Floor area example: • • • (1) H 0: no relationship between house price and floor area. H 1: there is a relationship (2), (3), (4): P = 1 - CDF. T(24. 469, 554) = 0. 000000 Reject H 0

4. Omitted Variables, Goodness of Fit and R 2 Q/ is floor area the only factor? Q/ How much of the variation in Price does it explain?

R-square • R-square tells you how much of the variation in y is explained by your model 0 < R 2 < 1 (NB: you want R 2 to be near 1). • If your have more than one explanatory variable, use Adjusted R 2 which takes into account the distortion caused by adding extra variables.

Now add number of bathrooms as an extra explanatory variable… House Price Example cont’d: Two explanatory variables Q/ How has the estimated value of an extra square metre changed? Q/ Do a hypothesis test for the existence of a relationship between price and number of bathrooms. Q/ How much will an extra bathroom typically add to the value of a house? Q/ What is the value of a 200 m 2 house with one bathroom? Compare your estimate with that from the previous model. Q/ What is the value of a 100 m 2 house with two bathrooms? Compare your estimate with that from the previous model. Q/ On average, how much is the slope coefficient on floor area likely to vary from sample to sample?

Scatter plot (with floor spikes)

Non-linear effects can also be modelled when you have more than one explanatory variable 3 D Surface Plots: Construction, Price & Unemployment during a boom Q = -246 + 27 P - 0. 2 P 2 - 73 U + 3 U 2

Construction Equation in a Slump Q = 315 + 4 P - 73 U + 5 U 2

5. Categorical Explanatory Variables • Sometimes certain observations display consistently higher y values for a particular subgroup in the sample. – i. e. for a particular category of observations. • If you assume the slope will have the same value, and that only the intercept is shifting, you can model the effect of categorical variables by including “dummy” variables – A dummy variable is simply a binary variable – e. g. male = 1 or 0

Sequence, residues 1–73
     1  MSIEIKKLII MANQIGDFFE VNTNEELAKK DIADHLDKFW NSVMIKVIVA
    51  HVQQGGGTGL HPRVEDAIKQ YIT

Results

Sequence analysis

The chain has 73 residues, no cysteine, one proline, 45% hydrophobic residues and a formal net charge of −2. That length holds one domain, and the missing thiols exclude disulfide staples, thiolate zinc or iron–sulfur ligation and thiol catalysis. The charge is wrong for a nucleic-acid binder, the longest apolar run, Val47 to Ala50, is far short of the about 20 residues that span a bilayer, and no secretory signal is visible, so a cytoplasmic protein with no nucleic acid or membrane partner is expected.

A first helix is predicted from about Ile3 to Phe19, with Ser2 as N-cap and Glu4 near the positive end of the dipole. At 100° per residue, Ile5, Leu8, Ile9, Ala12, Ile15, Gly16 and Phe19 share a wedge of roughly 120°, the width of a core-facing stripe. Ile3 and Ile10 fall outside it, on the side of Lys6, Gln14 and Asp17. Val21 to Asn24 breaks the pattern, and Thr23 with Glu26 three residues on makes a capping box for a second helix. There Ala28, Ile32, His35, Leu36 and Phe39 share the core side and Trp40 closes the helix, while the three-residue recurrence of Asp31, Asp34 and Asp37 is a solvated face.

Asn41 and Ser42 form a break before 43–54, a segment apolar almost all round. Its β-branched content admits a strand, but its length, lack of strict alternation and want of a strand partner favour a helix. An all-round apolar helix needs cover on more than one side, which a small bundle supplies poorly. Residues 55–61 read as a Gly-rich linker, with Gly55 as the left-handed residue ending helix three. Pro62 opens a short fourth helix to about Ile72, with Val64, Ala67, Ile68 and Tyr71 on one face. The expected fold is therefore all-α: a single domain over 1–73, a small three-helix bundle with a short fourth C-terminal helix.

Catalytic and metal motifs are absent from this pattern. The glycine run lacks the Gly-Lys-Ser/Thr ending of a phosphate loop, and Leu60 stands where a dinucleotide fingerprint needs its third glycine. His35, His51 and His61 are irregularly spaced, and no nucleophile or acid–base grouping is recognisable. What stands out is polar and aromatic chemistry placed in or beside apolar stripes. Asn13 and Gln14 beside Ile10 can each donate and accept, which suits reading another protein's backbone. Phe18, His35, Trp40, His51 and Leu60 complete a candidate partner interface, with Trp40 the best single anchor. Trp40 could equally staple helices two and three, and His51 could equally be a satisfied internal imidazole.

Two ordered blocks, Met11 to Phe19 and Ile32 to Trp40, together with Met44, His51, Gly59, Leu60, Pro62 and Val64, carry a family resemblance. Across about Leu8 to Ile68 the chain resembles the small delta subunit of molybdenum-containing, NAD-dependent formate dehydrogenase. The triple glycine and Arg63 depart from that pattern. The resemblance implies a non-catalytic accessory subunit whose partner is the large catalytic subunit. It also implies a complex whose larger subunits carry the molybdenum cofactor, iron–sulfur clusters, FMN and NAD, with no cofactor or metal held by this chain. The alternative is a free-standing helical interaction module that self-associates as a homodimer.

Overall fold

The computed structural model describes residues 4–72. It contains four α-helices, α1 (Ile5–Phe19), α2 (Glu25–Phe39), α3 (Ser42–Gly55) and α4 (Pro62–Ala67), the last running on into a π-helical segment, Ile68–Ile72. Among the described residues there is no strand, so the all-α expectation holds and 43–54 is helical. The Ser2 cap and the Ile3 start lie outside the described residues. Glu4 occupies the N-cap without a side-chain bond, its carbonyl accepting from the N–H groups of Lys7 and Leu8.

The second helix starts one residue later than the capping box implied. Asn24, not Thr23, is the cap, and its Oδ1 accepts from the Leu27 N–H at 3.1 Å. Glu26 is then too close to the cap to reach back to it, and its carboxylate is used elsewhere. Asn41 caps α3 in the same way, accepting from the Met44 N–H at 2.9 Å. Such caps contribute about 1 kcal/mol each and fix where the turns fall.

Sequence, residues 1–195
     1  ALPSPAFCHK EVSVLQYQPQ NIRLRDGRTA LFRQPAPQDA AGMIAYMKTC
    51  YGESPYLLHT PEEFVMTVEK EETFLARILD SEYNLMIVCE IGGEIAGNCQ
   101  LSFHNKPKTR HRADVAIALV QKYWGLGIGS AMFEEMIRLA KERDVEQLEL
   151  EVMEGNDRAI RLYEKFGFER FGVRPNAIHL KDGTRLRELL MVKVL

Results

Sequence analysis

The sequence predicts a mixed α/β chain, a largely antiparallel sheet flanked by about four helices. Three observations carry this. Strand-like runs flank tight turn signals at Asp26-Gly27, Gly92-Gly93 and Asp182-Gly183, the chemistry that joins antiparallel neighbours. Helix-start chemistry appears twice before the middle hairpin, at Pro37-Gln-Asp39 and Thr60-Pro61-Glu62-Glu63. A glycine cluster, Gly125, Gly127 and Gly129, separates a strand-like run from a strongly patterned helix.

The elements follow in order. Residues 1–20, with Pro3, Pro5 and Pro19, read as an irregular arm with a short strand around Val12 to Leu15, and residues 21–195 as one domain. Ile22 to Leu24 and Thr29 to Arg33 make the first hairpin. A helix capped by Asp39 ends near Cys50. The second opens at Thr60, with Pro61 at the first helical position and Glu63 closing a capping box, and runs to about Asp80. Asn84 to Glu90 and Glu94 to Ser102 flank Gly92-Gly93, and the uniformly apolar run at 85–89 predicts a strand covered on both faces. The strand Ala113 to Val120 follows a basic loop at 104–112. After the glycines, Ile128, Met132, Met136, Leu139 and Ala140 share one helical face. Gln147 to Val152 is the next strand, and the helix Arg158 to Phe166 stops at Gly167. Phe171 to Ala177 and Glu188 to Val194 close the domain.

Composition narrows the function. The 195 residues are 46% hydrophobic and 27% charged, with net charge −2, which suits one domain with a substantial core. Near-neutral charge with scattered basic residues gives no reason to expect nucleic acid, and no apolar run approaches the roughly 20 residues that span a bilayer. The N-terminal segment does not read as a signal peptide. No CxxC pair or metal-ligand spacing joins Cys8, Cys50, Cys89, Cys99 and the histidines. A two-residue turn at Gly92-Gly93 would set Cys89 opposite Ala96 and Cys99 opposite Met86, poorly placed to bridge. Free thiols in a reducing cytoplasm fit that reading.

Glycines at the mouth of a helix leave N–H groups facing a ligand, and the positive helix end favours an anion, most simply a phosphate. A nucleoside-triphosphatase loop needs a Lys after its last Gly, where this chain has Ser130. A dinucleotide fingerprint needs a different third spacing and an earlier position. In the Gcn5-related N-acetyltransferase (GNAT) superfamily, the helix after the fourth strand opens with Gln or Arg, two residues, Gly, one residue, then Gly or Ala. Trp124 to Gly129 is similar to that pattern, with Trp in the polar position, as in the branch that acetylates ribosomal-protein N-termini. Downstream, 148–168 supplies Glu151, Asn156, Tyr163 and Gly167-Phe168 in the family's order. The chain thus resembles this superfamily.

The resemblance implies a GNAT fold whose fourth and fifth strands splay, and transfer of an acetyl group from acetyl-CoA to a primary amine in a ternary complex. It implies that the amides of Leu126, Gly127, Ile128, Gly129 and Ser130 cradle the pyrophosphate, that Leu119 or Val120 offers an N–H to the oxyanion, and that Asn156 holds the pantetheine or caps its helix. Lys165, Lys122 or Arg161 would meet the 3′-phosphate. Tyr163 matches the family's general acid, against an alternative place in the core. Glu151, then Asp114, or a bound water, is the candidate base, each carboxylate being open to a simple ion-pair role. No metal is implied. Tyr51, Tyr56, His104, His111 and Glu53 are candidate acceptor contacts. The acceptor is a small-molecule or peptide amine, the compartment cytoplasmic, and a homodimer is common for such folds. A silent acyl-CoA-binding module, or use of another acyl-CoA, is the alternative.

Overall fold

• To model the effect of a categorical explanatory variable in this way you need to: 1. Decide on a “baseline” category. This is usually an arbitrary decision, so just choose the largest or most familiar category. • E. g. if the category is UK Region, choose London as the baseline 2. Create dummies (binary variables) for all remaining categories • E. g. Compute yorksh_dum = 0. if (Region = “Yorkshire”) yorksh_dum = 1. Execute. 3. Include in your regression the dummies for all categories except your baseline category. • E. g. suppose you only have two regions in your sample, London and Yorkshire, – you would do a regression of house price on floorarea and yorksh_dum

• By including dummy variables you are saying that the difference between categories can be modelled as a parallel shift of the regression line above or below the baseline category – The value of the coefficient on the dummy variable tells you how much higher the value of the dependent variable would be observations in that category • E. g. if the regression output were as follows: price = -2000 + 500*floorarea - 27500*yorksh_dum then the results tell us that a house of a given size is £ 27, 500 cheaper in Yorkshire compared with London. – i. e. the coefficient tells you the size of the intercept shift associated with that category of observations…

Coefficient on Dummy Variable = size of Intercept Shift: House price London Yorkshire £ 27, 500 Slope = £ 500; same for both areas Floorarea

Summary • • • 1. Linear & Non-linear Relationships 2. Fitting a line using OLS 3. Inference in Regression 4. Omitted Variables & R 2 5. Categorical Explanatory variables • Revision lecture next week: – Worked examples on: • Confidence Intervals? • Hypothesis Tests? • Regression?

Reading: • Regression Analysis: – – – *Pryce chapter on relationships. *Field, A. chapters on regression. *Moore and Mc. Cabe Chapters on regression. Kennedy, P. ‘A Guide to Econometrics’ Bryman, Alan, and Cramer, Duncan (1999) “Quantitative Data Analysis with SPSS for Windows: A Guide for Social Scientists”, Chapters 9 and 10. – Achen, Christopher H. Interpreting and Using Regression (London: Sage, 1982).